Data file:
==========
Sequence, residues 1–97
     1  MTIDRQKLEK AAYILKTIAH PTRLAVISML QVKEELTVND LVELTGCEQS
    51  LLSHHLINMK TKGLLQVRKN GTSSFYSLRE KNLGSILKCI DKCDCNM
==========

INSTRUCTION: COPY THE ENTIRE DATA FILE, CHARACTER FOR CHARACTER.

Sequence, residues 1–97
     1  MTIDRQKLEK AAYILKTIAH PTRLAVISML QVKEELTVND LVELTGCEQS
    51  LLSHHLINMK TKGLLQVRKN GTSSFYSLRE KNLGSILKCI DKCDCNM